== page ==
Cancer risk

Plant-based diets have been associated with a reduced risk of certain types of cancer compared to omnivorous diets. 

Plant-based diets usually involve lower consumption or complete avoidance of processed meats and red meats, which have been linked to an increased risk of colorectal and other cancers. 

This might also be due to the preparation of meat including when meat is cooked at high temperatures or exposed to flames. This can result in the exposure of two main carcinogens: heterocyclic aromatic amines (HCAs) and polycyclic aromatic hydrocarbons (PAHs).[10]

These two carcinogens can cause changes in DNA that may increase the risk of cancer. The World Health Organisation has classified processed meats as carcinogenic to humans, and red meats as probably carcinogenic.

Grilling might contribute to risk of cancer

Furthermore, plant-based diets provide a higher intake of dietary fibre and antioxidants. Fibre helps promote regular bowel movements and reduces the time potential carcinogens come in contact with the colon.

Different foods and cancer risk

Plant-based diets are abundant in phytochemicals, which are bioactive compounds found in plants. These compounds have been shown to possess anti-inflammatory, antioxidant, and anti-cancer properties.

RELATED — Anti-cancer foods: The Healthiest Herbs and Spices (Part 1)

Current research from Oxford Population Health’s Cancer Epidemiology Unit (CEU) analysed data to investigate the relationship between diet and cancer risk. 

Compared to people with a plant-based diet, regular meat eaters had a higher risk of developing any type of cancer. The study also found 18% less risk of postmenopausal breast cancer in plant-based eaters compared to meat eaters.[11]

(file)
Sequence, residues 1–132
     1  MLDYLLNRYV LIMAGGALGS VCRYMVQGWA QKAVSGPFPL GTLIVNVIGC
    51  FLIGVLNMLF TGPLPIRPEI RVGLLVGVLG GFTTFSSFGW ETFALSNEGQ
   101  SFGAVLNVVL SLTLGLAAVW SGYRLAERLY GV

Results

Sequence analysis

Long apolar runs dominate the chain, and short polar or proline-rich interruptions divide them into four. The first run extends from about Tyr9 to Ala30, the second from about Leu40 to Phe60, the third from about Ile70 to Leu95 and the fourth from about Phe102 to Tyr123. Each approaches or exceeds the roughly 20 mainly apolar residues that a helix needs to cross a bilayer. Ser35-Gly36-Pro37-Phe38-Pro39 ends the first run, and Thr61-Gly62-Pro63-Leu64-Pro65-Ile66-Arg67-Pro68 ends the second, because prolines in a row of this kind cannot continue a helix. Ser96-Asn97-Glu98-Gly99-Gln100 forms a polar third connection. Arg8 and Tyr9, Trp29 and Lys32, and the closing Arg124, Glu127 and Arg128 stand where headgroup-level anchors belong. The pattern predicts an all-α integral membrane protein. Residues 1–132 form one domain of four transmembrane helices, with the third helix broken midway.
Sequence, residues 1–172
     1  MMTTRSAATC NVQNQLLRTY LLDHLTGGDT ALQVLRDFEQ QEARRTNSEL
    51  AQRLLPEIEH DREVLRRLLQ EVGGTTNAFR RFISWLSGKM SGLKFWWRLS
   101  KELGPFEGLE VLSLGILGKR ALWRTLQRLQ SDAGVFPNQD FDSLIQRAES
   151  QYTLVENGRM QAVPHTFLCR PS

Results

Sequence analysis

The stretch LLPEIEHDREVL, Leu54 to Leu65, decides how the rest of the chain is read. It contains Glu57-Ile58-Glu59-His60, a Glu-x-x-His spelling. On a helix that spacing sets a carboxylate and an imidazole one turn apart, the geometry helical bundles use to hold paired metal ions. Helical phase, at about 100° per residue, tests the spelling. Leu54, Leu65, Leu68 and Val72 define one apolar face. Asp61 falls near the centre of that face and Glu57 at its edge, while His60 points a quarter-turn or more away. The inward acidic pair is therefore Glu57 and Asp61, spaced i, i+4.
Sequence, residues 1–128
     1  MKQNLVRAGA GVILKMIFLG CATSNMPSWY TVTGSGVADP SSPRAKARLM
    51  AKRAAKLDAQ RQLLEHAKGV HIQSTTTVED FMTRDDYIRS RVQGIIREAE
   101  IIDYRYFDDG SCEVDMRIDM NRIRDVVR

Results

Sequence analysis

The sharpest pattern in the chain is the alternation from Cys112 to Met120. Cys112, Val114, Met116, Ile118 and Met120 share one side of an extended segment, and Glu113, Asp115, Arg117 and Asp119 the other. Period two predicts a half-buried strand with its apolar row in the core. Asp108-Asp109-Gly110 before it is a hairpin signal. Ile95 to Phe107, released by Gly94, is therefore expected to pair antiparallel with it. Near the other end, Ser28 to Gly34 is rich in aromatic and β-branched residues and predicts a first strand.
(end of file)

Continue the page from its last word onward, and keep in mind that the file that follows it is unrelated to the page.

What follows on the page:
A study by Loeb et al. observed the effect of plant-based diets on individuals with prostate cancer. The result showed that greater consumption of healthful plant-based foods is associated with a lower risk of aggressive forms of prostate cancer.[12]

Another study indicated that men who followed a healthful plant-based diet associated a 59% lower risk of prostate cancer recurrence. Furthermore, they also had a 56% lower risk of prostate cancer progression.[13]

RELATED — Prostate Cancer: All you need to know and are afraid to ask

However, further research is still needed to determine the relationship between diet and cancer risk.

A healthy and balanced omnivore diet that emphasises a variety of vegetables, lean proteins and minimally processed food can provide essential nutrients and potentially reduce the risk of certain types of cancer.

Related Questions

1. What are the immediate benefits of a plant-based diet?
The bowel movements become more regular after eating a whole plant-based diet, and there might be a decrease in cholesterol levels.

2. How much processed or ultra-processed food does an omnivore diet consist of?
The amount of processed or ultra-processed food in an omnivore diet can vary depending on individual food choices, dietary habits, and part of the world.

Current data and research suggest that in some countries such as the US, processed and ultra-processed foods contribute up to 60% of daily calories.

3. Would an omnivore diet be the same as the Standard American Diet (SAD)?
A healthy omnivore diet refers to a dietary pattern that includes both plant-based foods and animal-based foods. 

On the other hand, the Standard American Diet (SAD) is characterised by: 

  • high consumption of processed foods
  • refined grains
  • added sugars
  • unhealthy fats

while often lacking in fruits, vegetables, whole grains and other nutrient-dense foods. 

Currently, most dietary studies do not mention what foods are present in an “omnivorous diet group”, which makes “omnivorous diet” a synonym for the Standard American Diet (SAD).

4. Are plant-based diets high in oxalates, and what are the top 3 foods with the highest amount of oxalates?
Certain foods that are staples of vegan or plant-based diets are high in oxalates which can cause kidney stones to develop.